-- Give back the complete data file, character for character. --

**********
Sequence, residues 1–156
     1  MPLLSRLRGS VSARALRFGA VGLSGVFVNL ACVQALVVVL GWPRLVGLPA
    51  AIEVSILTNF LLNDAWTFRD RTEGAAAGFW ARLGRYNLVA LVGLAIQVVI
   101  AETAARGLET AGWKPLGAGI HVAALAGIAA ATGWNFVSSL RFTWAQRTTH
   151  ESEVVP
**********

Sequence, residues 1–156
     1  MPLLSRLRGS VSARALRFGA VGLSGVFVNL ACVQALVVVL GWPRLVGLPA
    51  AIEVSILTNF LLNDAWTFRD RTEGAAAGFW ARLGRYNLVA LVGLAIQVVI
   101  AETAARGLET AGWKPLGAGI HVAALAGIAA ATGWNFVSSL RFTWAQRTTH
   151  ESEVVP